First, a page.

Sen. Klobuchar meets with families impacted by polio-like illness

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Families with kids impacted by a polio-like illness met with Senator Amy Klobuchar Thursday to talk about steps toward finding a cause and cure.

Just hours before, Senator Klobuchar received a letter from the Centers for Disease Control and Prevention, which answered some of the many questions surrounding this rare, mystery illness. 

One of the biggest objectives concerned parents brought up to Senator Klobuchar is not only finding a cause and cure, but also raising awareness. The goal is getting kids diagnosed and treated more quickly and making reporting this disease a mandatory requirement across the country. The only way to eventually get to a vaccine is to be able to research as many cases as possible. 

Elaine Elizabeth Eller Young considers her four-year-old son, Orville, one of the lucky ones.

“Having an arm paralyzed is a big deal, but he can breathe on this own,” said Eller Young. “That’s the most important thing because a lot of these kids can’t.” 

Orville is still waiting for confirmed AFM testing results. He joined several other families battling AFM in a round table discussion with local health officials and Senator Klobuchar.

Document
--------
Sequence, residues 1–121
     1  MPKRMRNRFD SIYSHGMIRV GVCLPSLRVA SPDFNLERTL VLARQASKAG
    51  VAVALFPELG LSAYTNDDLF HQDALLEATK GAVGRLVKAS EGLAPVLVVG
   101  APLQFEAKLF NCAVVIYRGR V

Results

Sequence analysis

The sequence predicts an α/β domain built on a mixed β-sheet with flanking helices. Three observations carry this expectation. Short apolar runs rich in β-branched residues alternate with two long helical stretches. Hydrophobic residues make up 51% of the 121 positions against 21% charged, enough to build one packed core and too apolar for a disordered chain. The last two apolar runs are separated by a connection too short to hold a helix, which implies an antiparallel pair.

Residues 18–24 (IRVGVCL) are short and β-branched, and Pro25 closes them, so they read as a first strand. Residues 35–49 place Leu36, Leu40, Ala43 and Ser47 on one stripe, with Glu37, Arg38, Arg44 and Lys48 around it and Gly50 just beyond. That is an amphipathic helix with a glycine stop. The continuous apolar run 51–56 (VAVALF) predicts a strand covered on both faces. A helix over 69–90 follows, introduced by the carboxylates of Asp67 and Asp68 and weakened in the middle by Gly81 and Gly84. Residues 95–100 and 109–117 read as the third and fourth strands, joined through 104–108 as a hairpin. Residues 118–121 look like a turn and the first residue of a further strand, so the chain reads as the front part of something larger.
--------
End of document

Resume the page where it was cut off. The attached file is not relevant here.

To date, the CDC confirms 62 cases of sudden onset AFM in 22 states, which includes six cases in Minnesota and at least a seventh pending. Nationwide, more than 150 cases have been investigated since 2014. Nearly all the cases involve children. 

The CDC doesn't know if the polio-like virus is caused by a virus, the environment or something else. 

“I think part of this is pushing for the data, so we can understand who’s getting it and why, but also pushing them to figure out what’s wrong,” said Klobuchar.

“When it comes to acute flaccid myelitis there is a lot of unknowns,” said Kristen Ehresmann, state director of infectious diseases. “One of the things that has been identified in a number of cases is they have a viral illness that proceeds their muscle weakness.”

Minnesota Department of Health officials say for all seven cases in Minnesota kids reported having a respiratory or gastrointestinal illness in the days prior to neuralgic symptoms. That's what happened with Orville before his arm went limp. For now, his mom and others are comforted to know they are not alone in the quest for answers.

“These are our kids and they are being paralyzed and some of them are paralyzed for the rest of their lives,” said Eller Young.

The health department acknowledges the recommendations may seem overly simple, but the best way to keep your family healthy is to wash hands, stay home if you are sick and cover your cough. While it’s late in the season, protection against mosquito bites could also help. A possible link to the West Nile Virus is one of the many potential causes the CDC is exploring.